Late on a Friday night Octavian and I arrived back at Wild Iris, this time camped out in the Aspens. Trudeau and the Stebbinses were already out horizontal, but it took me a while to join them: goddamn kids making a goddamn racket at my Wild Iris!
With the morning we awoke and walked up the hill to the Aspens.
Trudeau and Octavian went down and worked Choke Cherry Eyes (12a). CT brought the stoke and sent second go; OG spent the day doing what he does best: lookin' good and being psyched.
OG on Choke Cherry
Me, I spent the entire fucking day on Butch Pocket, hoping that sussing out the beta the previous weekend would unlock the send. It didn't, but I did get to watch Buecker onsight my "project" on my rope and draws.
I was pretty mentally battered from this. I remember taking the whip at some point and not screaming or being frustrated but just stating very mechanically
I have no intrinsic value.
(A core tenet of existentialism, it turns out)
On my very last go, I realized that the entire time I was working Butch Pocket I wasn't actually using the beta I had worked out the weekend before. Well, fuck.
Thanks to Cameron for catching all my whips that day.
My day was something of a waste, but back at camp a passing stranger gave us a slingshot and strange naturally occurring ammo to work out our - my - frustrations with.
Sherry (Shaleas) rolled in that night, psyched with many psychs to psych on the psych. I daresay she made Cameron give her a belay then and there, meaning he won the belayer-of-the-trip award. (Update: Cameron says it was OG that immediately rolled out to belay. Award rescinded.)
Later, when Stebbins wasn't looking, I snuck his woman into my hammock and got some snuggles under the disguis of reading books side-by-side before he caught on and gave me the boot.
The next day the wind was distractingly strong. I hung the draws on Tribal War then sat on a static line next to it, watching Haley on Rope the Moon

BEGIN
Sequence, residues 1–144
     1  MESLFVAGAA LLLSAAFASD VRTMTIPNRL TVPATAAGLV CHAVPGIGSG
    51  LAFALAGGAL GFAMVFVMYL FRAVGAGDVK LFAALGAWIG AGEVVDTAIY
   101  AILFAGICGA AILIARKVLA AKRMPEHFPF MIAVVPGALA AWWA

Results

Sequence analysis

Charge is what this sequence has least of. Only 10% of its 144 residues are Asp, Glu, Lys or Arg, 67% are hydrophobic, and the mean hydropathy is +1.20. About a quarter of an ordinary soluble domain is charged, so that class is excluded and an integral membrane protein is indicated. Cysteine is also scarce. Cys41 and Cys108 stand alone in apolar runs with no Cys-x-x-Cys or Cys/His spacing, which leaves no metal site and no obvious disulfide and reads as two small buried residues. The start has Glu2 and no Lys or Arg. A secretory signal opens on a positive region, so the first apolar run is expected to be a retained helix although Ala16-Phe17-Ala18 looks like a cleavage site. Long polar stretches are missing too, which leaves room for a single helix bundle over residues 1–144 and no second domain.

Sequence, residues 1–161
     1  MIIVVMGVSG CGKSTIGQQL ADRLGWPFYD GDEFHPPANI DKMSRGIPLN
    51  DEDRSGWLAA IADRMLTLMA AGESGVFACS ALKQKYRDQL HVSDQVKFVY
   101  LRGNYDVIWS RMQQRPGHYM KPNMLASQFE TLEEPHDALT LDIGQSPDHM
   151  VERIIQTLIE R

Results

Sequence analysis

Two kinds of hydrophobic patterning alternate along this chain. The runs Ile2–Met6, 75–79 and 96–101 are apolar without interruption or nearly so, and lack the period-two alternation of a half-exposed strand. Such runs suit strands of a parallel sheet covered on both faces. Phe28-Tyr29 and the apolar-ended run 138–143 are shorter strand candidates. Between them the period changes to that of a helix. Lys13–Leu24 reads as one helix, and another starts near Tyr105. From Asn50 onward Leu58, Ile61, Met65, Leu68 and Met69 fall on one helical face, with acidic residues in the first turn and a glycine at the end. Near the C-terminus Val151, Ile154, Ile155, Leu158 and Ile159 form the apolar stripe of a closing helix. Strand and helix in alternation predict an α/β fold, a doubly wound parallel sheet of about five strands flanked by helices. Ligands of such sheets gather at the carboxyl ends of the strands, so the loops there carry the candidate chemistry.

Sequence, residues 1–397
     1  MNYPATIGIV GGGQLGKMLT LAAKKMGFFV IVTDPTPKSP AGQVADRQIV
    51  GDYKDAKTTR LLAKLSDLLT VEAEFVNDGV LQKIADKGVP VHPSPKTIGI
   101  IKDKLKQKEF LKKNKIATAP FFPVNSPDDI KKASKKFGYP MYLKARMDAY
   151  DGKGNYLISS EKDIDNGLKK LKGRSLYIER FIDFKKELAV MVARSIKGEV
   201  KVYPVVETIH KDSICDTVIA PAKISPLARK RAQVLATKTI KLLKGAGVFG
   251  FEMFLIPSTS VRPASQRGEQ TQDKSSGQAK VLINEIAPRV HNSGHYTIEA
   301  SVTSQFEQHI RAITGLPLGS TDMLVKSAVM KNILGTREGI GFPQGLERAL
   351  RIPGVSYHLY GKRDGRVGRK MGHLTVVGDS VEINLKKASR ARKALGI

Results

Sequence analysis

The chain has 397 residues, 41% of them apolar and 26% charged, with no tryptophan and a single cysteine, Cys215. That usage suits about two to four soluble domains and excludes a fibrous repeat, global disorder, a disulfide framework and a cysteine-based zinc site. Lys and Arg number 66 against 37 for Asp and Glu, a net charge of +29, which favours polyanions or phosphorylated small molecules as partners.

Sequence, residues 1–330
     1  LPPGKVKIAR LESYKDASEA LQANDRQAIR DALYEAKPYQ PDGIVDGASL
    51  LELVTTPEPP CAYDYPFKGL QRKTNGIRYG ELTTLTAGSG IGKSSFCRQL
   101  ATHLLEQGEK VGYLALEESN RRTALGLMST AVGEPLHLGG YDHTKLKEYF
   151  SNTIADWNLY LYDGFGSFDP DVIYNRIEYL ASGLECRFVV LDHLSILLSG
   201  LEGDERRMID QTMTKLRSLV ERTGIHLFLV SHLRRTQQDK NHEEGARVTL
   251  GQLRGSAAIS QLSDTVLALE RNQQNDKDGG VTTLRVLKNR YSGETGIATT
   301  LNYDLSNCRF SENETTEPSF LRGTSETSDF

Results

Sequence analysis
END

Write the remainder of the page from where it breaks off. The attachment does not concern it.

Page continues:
OG and Sherry both took goes on Tribal War as well. OG took the whip somewhere after the technical crux, still worked from his sessions on Choke Cherry.
The peanut gallery watches OG hit the overhangs
A thrashed OG gets lowered after finishing the steeps on Tribal War
Sherry-berry, however, made the crush and got the flash.
Trudeau and I waited - and waited - for the wind to die down before we put in RP burns on Diamonds and Rain.
... And waited.
Eventually our friends left, and we just went back to camp, convinced we'd get better weather the next day.
Making the Best of It
I slept in the van that night, hammock hung diagonally across. At 5 in the morning I woke up freezing, which didn't make much sense. This was the middle of July and I was sleeping in a 0 degree down bag.
Camp already torn down, I woke up again at 7, opened the door only long enough to be whipped by a gust of wind before I slammed it home again, and turned the ignition. I worked my way through the morning's cattle herds and towards the shitter, praying the weather would be better up at OK Corral.
It wasn't. At 8am, 9000' ASL, Ahab's thermometer read 32°F. That explains the cold sleep, I thought.
Trudeau and I called it quits. We both drove in to Lander - he for fuel, I for brunch. Moments after I had ordered my Eggs Benedict from Middle Fork I got a call.
"What do you think the weather is like up in Sinks Canyon?"
Trudeau patiently watched me eat my benny, and then I finally got to take him on my favorite easy trad climb: Gunky, 5.8. (It's graced the pages of this blog many times before.)
Trudeau starting the second pitch of Gunky
At the end of a three day weekend, I had climbed three routes.
Back in Laramie, I worked on my project back there. My mental state started to fray until the day came that I realized: projecting wasn't for me. Repeated and constant failure, rather than exploration and change, wore on my mind and went against my true climbing goals.
Things went much better on the next trip.